Senator Chuck Schumer announced on Friday that a long-awaited project to restore protective dunes and groins (structures built to disrupt water flow and limit the movement of sand) along the shoreline of Long Beach has at last obtained the funding necessary to move forward. After Superstorm Sandy Schumer had secured $180 million in federal funds to install a system of barrier dunes and groins as part of the Sandy relief bill, however, the Office of Management and Budget attempted to require the City of Long Beach and New York State to cover 35% of the project’s costs.
That requirement would likely have prevented the dunes from ever being built, but the OMB recently relented, freeing local taxpayers of what would have been an excessive burden and allowing the project to progress with full federal backing.
“With funding secured and details laid out, we are on the verge of finally making a project, a decade in the making, a reality,” said Schumer. “This project, fully funded by the federal government, will ultimately provide massive protections for Long Beach residents and businesses, and should allow them to sleep a bit better at night knowing that when the next Sandy comes, they will be better protected.”
Under the plan, 35,000 feet along the coast of Long Beach will see a series of dunes and groins restored and raised to reduce potential damage and flooding during major storms. An initial fill of 4,720,000 cubic yards will help to fortify the berm and dunes, and there will be a refill every five years for the next half century.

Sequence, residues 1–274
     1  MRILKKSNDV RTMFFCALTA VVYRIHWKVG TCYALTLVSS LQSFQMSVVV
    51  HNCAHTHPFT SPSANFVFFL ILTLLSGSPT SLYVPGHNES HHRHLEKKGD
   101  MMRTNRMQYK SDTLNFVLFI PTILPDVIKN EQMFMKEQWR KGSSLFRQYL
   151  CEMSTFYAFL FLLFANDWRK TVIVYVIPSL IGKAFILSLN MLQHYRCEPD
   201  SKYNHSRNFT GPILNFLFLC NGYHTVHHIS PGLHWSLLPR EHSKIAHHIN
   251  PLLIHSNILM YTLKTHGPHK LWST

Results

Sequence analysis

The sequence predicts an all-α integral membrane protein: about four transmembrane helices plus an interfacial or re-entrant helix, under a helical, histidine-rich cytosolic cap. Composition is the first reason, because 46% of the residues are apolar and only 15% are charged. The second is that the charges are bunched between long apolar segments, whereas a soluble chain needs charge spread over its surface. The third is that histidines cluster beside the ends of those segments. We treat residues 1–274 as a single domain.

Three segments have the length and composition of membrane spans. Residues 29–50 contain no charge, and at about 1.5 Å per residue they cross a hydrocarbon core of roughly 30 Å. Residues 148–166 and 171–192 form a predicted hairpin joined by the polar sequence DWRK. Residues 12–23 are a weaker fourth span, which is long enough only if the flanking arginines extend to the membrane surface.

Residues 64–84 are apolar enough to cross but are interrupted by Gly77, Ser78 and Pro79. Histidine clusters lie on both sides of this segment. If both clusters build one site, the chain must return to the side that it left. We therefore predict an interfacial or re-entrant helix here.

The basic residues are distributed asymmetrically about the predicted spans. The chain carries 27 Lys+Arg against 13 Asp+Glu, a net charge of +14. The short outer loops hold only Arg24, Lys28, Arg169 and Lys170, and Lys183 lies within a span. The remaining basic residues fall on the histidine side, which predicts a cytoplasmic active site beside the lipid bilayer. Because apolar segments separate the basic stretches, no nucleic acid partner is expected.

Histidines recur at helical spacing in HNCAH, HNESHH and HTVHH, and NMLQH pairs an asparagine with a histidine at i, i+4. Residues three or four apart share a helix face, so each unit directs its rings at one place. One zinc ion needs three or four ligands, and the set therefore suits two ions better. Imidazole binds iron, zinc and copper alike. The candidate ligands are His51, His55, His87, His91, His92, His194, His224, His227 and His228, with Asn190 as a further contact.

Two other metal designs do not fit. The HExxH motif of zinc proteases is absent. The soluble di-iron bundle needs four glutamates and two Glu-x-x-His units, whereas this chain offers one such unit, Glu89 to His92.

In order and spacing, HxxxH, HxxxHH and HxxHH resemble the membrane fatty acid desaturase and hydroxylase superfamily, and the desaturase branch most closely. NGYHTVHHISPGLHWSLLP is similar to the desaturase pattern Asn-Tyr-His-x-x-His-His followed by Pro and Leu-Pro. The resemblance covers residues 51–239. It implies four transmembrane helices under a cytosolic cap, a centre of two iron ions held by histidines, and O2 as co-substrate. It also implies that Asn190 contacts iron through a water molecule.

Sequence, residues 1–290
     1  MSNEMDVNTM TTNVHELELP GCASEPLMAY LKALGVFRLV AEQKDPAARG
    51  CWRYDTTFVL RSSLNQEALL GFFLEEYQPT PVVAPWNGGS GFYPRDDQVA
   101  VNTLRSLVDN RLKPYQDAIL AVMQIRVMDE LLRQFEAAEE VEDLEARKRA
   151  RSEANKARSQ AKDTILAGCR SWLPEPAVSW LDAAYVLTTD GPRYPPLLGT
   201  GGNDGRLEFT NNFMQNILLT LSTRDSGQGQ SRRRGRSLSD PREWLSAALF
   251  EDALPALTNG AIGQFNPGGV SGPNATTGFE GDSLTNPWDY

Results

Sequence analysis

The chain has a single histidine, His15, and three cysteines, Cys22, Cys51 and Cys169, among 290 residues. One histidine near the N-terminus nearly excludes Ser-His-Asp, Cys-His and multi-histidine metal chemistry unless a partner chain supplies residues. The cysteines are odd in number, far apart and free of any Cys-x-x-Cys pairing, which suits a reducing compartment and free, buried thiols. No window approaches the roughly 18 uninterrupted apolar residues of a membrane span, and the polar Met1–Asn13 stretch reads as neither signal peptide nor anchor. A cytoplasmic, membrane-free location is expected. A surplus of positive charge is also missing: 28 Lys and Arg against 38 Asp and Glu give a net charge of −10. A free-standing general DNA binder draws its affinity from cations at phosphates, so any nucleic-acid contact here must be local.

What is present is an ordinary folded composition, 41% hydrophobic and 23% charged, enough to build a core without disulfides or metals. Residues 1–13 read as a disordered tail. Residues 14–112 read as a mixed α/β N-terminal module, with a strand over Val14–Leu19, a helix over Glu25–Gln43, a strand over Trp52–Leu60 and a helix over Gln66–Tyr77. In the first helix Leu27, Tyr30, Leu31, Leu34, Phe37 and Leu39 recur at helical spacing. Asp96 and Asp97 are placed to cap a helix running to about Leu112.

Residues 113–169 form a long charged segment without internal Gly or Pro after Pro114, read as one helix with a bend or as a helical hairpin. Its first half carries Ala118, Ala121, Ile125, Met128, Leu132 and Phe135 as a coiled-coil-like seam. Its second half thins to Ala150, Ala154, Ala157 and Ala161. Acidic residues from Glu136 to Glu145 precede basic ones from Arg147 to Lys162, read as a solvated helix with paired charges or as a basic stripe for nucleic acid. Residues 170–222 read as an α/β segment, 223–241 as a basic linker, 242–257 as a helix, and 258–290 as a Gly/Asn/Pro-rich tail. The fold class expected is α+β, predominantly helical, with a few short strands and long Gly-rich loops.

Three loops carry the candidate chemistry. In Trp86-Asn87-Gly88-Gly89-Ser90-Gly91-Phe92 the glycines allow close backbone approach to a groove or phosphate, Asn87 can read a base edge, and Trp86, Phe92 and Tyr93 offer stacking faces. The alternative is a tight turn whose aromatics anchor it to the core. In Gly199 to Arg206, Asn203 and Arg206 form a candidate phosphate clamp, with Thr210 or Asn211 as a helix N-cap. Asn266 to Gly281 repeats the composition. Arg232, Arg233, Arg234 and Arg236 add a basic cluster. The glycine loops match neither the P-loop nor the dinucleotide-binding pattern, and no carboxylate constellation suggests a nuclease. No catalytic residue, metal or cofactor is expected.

Fifteen existing groins in Long Beach as well as two in the Town of Hempstead will be rehabilitated, and the terminal groin at Point Lookout in Hempstead will be restored and extended 100 feet. Additionally, four new groins will be constructed in Hempstead, with the potential for two more to be added pending monitoring and future needs.
“I commend Senator Schumer for working with Nassau County, Hempstead Town and the City of Long Beach to strengthen our shoreline and protect local neighborhoods against future storms,” Nassau County Executive Ed Mangano said of the project.
“We fought hard for the Long Beach Island project for more than two decades,” added Hempstead Town Supervisor Kate Murray. “This puts us one step closer to putting a ‘shovel in the sand,’ hardening our coastline and protecting homes and infrastructure on the barrier island.”
The project may begin as early as this summer, though it is still pending the approval of the Hurricane Sandy Limited Reevaluation Report, and the Project Partnership Agreement remains to be signed. If initial work can be done this year then a contract for additional rehabilitation of the beach’s groins could be awarded early next year, and a third contract for depositing sand would be awarded in 2016.
[Source: Senator Schumer]